Highlands Branch Library by Schmidt Hammer Lassen Architects opens

schmidt hammer lassen architects’ first built library in Canada, the Highlands Branch Library in Edmonton, has officially opened. The 1,500-square-metre library, which was won in 2010 with local firm Marshall Tittemore Architects, provides the Highlands community with a distinctive landmark of an open and accessible new creative centre for learning.
The Highlands Branch Library in Edmonton has been serving customers in the Highlands, Montrose and Bellevue communities since 1962. The new building, which replaces the existing branch library, responds to the buildings in the neighbourhood.
“The design of the building was inspired by the low-rise buildings in the neighbourhood. The new library is designed as a composition of pitched roofs, which is given a contemporary and modern expression with the implementation of large windows and the metallic façade material,” explained Chris Hardie partner, schmidt hammer lassen architects. “The library sits like an open pavilion in a garden and expresses that it is open to all; a free public space, a place to read, a place to learn, a place to meet, a place to be.”
As a distinctive landmark in the community, the new library stimulates the further development along 118th Avenue as well as improving the quality of life for citizens in the area. From whichever direction the building is approached, whether by foot, bicycle, bus or car, visitors will be able to see into the library space.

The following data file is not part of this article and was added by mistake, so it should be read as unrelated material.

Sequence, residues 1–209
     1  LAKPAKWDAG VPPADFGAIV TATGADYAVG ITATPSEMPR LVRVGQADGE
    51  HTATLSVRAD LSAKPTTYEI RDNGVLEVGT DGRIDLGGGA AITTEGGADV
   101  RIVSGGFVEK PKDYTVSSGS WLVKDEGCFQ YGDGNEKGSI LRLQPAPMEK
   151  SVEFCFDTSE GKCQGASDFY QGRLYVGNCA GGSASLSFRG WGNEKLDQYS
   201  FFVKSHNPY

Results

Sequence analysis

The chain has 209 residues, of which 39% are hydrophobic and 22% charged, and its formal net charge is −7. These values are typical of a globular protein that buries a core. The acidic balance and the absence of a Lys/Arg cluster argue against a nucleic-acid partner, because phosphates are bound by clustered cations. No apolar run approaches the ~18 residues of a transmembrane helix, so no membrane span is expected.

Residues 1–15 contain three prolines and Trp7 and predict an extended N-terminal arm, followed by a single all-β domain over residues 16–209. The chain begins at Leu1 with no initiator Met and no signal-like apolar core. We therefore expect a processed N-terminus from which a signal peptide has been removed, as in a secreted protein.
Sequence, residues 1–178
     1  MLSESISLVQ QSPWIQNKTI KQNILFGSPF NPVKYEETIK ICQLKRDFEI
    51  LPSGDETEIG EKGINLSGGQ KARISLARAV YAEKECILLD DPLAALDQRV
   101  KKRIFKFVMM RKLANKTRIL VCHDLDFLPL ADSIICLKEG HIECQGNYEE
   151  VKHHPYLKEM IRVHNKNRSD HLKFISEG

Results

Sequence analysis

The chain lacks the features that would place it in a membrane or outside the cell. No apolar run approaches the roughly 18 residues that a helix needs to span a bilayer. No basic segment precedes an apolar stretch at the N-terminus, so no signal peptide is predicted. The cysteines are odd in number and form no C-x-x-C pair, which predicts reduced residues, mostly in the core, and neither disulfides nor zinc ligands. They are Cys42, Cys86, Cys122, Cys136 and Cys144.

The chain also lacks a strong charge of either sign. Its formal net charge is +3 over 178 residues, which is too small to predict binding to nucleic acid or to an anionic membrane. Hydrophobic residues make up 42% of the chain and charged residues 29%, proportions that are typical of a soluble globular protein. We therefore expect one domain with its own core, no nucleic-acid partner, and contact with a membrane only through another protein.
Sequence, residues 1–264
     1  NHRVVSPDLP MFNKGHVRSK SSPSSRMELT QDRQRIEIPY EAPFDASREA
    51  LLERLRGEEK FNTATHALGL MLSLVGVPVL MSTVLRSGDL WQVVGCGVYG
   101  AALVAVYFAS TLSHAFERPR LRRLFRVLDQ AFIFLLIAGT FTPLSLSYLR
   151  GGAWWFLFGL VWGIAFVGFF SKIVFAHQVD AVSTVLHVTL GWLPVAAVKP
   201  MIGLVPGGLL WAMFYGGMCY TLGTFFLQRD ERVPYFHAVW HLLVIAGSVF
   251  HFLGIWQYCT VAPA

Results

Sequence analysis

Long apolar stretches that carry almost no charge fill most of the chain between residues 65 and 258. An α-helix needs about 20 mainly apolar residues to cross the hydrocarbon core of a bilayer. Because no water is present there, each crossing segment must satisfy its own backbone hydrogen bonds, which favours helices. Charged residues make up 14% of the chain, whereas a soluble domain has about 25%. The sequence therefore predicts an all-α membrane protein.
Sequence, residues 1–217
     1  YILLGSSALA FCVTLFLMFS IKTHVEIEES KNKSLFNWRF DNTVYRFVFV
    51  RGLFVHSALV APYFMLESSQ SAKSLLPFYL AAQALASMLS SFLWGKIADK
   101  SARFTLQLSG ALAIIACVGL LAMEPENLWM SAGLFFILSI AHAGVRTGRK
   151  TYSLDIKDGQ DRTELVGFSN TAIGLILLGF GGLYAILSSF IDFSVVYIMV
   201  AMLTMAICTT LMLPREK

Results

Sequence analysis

“The library pavilion faces the surroundings in all directions and acts like a beacon in the community,” said founding partner Morten Schmidt from schmidt hammer lassen architects. “The building’s transparency and openness contributes to its social hub function, which is essential for a modern library.”
The new library is organised as one large space spread into three wings – one for the children’s collection, one for the teens’ collection and one for the main adult collection. Librarians are located in the centre to be easily available and visible to library users. Containing 200 square metres more than the old branch library, the library now offers a larger children’s area, expanded reading areas for adults, dedicated teen space, quiet study and reading areas, 18 public computer stations, new technologies and devices to promote making and creation, and two 24-hour return chutes.
schmidt hammer lassen architects has an extensive track-record of designing libraries, the most renowned of which are the extension of The Royal Library in Copenhagen, Denmark and University of Aberdeen New Library in Scotland. Highlands Branch Library is the first of three libraries that will be completed by the firm in the coming months. This fall, the second library in Canada by the practice, Halifax New Central Library, will open; and in the spring of 2015, DOKK1, the largest public library in Scandinavia, situated in Aarhus, Denmark, is to open.

For more information, please visit http://shl.dk/dan/#/home/about-architecture/library-culture/highlands-branch-library